:Xander Backus, 11, looks for leaks in the cooling system as his father Sterling Backus fills a radiator with water before starting their supercar at their home in Erie on Aug. 28, 2019. Parts of the car are being built on a 3D printer. (Photo by Matthew Jonas/Staff Photographer)

Inside an Erie garage, Sterling and Xander Backus stood over a Lamborghini, but not just an ordinary supercar.

The father-son team built the car from scratch using 3D-printed panels and used car parts.

“One day we were playing this game we like to play, and one day we jumped into a Lamborghini (in the game) and it looked pretty fun,” said Xander, 11. “One day I asked my dad, ‘Hey, could we build one of those?’”

That was a year and a half ago.

On Tuesday, they were attempting to start the car. Recently, they took off the panels to work on the mechanics.

“We had a ’69 Mustang, which was our previous project, that was a four-year project,” Backus said. “When he brought up (building the car), I always wanted a supercar.”

He said the added bonus was not having to spend Lamborghini-style money on the vehicle.

Xander Backus, 11, and as his father Sterling Backus install an instrument panel before starting their supercar at their home in Erie on Aug. 28, 2019. Parts of the car are being built on a 3D printer.(Photo by Matthew Jonas/Staff Photographer)

“It’s a $600,000 car. I’ve always wanted to attempt a from-scratch build, that’s something I’ve never done before” Backus said. “As a kid, I was into auto mechanics. This was kind of an experiment.”

So far, the pair has spent $18,000 of a $20,000 budget.

Backus said there has been a lot of failures during the process.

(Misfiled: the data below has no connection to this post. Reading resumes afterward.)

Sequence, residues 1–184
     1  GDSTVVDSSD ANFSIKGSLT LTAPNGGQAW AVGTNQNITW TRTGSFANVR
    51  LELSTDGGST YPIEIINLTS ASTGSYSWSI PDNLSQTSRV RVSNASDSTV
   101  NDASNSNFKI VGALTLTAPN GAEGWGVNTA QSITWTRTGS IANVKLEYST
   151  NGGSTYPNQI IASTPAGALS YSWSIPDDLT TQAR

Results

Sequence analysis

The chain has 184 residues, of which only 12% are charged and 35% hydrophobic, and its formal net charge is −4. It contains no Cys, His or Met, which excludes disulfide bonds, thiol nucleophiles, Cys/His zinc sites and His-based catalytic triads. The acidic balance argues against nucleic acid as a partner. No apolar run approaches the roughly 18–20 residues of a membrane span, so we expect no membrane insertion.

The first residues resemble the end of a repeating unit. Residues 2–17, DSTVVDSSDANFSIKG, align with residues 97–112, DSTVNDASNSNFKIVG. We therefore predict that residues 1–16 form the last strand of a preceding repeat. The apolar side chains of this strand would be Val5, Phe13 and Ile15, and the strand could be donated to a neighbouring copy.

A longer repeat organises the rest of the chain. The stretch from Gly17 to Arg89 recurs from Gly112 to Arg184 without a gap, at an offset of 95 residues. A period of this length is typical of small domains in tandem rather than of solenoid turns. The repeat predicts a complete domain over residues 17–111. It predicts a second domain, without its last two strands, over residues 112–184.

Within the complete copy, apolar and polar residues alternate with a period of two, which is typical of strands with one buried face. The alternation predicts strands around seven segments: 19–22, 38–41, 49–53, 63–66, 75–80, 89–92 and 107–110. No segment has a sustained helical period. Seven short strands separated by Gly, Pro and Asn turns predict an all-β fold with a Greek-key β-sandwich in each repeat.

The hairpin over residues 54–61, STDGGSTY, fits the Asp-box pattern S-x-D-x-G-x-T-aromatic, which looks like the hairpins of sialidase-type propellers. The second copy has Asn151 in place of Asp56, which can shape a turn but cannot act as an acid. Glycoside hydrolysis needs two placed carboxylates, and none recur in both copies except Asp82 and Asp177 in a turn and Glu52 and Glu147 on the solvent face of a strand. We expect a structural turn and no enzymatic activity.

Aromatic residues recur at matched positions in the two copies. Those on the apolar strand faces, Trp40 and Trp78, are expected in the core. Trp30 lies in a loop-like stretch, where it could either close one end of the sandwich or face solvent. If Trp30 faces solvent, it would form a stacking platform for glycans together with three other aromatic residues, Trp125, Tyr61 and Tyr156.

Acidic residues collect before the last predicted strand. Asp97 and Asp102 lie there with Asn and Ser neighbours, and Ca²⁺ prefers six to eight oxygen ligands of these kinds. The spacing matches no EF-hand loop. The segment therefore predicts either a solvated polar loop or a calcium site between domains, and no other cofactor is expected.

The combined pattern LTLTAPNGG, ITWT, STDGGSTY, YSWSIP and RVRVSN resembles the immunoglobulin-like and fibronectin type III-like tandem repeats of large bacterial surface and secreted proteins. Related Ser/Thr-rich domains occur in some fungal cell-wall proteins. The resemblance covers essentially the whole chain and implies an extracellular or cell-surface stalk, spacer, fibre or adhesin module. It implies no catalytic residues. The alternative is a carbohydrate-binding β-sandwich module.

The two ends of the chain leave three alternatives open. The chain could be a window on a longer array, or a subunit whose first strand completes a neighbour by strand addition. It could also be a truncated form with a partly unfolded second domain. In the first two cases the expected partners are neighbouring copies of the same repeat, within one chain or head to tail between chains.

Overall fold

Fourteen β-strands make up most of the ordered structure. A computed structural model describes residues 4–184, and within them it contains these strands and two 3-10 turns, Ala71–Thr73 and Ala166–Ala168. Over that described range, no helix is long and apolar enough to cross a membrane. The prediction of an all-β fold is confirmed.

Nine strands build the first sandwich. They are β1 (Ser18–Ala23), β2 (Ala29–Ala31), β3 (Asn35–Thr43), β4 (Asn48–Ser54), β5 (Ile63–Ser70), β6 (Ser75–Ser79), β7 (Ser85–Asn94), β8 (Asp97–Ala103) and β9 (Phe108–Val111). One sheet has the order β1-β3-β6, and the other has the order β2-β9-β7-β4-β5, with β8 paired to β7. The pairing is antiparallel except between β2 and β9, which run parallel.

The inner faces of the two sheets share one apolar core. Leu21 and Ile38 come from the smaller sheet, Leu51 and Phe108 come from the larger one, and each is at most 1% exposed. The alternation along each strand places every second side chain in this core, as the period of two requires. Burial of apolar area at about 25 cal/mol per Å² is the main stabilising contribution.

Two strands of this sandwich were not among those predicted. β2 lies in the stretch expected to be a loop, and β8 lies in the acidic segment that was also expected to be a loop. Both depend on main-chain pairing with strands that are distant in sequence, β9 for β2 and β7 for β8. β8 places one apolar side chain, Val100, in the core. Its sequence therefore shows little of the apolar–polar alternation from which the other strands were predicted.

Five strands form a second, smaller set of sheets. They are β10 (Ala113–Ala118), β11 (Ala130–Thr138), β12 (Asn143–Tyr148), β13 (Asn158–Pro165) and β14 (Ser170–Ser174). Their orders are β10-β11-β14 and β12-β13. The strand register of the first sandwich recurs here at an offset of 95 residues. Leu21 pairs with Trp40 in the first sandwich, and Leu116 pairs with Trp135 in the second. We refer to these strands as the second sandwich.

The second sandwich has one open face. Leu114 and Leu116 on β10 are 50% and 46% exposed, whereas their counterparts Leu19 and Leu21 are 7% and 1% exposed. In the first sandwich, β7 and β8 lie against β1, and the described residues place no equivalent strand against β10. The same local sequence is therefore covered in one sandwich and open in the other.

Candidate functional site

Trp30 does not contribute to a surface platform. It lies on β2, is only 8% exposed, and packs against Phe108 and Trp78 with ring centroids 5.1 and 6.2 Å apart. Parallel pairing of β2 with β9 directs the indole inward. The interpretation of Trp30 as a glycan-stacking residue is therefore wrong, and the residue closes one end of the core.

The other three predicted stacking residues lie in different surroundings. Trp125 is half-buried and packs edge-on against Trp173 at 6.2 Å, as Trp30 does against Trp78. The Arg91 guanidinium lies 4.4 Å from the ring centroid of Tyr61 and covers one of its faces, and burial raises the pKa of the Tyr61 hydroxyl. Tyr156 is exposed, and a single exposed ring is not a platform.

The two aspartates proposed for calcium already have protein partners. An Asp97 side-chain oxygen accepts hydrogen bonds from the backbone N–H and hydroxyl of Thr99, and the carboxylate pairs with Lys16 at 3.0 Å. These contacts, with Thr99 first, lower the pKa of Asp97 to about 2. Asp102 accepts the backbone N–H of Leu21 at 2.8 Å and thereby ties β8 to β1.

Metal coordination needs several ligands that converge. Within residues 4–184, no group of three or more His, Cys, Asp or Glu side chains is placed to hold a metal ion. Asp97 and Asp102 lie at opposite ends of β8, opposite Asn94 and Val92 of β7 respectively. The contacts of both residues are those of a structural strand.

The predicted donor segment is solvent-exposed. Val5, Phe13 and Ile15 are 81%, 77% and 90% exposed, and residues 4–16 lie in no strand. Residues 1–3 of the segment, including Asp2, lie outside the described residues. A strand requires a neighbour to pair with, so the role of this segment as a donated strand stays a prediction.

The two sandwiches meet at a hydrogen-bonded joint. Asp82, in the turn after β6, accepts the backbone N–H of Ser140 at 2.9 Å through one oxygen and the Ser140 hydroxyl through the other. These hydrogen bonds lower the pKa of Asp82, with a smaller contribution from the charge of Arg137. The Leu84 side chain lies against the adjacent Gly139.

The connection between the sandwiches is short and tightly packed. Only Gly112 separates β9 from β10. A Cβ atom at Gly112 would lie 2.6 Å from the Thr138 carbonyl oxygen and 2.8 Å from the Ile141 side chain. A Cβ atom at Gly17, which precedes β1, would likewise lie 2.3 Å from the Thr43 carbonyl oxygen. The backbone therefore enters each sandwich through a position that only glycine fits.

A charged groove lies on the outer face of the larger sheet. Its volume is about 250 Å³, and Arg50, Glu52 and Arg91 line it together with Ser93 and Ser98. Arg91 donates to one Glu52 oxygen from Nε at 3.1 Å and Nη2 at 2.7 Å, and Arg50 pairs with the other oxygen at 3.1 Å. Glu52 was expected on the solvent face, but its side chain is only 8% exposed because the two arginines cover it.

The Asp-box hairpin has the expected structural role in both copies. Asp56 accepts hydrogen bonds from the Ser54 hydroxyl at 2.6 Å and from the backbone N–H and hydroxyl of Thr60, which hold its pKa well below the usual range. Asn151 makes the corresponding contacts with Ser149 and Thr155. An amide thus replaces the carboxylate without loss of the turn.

“Things have not worked they want we want them to,” Backus said. “We’re hoping we’re going to get past all those failures and have some successes.”

He said when they get into a rut, they usually head inside.

“I think it’s mostly, you just keep working ahead. If you have to change direction. If you get too discouraged you go inside,” Backus said. “The project will be here when we get back.”

By day, Backus is a physicist who creates and designs lasers for universities and government agencies. Xander is a sixth grader at Flagstaff Charter School and plays guitar and takes on extracurricular activities.

Backus said the panels on the vehicle take about a week to print.

“It’s a desktop 3D printer, a lot of people will come by and ask where the industrial printer is,” Backus said.

He said they have about 220 kilograms, which is about 480 pounds, of filament.

“It’s cheap and good for the environment because it’s biodegradable,” Xander said.

Backus said they put the panel pieces together, sand them, put the carbon fiber fabric over them and put them in a vacuum bag.

As for the rest of the vehicle, they have purchased parts off of other cars, calling it a sort-of “Frankenstein” creation.

“Most of the parts on the build that we didn’t make ourselves, like the frame, we got from a junkyard,” Backus said. “The engine is from a Corvette, the transaxle is from a 911 Porsche, the radiator is from a Honda Civic. We wanted it to at least look the part.”

The project has become a bonding time for Backus and his three kids.

“Having my kids help me with it has been really nice part,” Backus said. “We’ve been able to engage all of them with it — even my teenage daughter.”

The end goal with the vehicle is to be able to bring it to schools and teach kids about STEAM (Science, Technology, Engineering, Arts and Mathematics).

Backus said they have some schools in mind and hope to reach as many schools as possible.

“What better way than to start a conversation with a supercar,” Backus said.

For updates on the car, Backus has created a Youtube page.

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